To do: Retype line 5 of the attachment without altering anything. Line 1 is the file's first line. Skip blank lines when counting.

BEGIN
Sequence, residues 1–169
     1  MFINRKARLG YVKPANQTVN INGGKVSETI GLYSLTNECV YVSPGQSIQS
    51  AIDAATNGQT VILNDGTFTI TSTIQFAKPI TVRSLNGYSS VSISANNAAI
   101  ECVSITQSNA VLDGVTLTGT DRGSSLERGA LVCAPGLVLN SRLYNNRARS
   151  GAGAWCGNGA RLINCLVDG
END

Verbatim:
   151  GAGAWCGNGA RLINCLVDG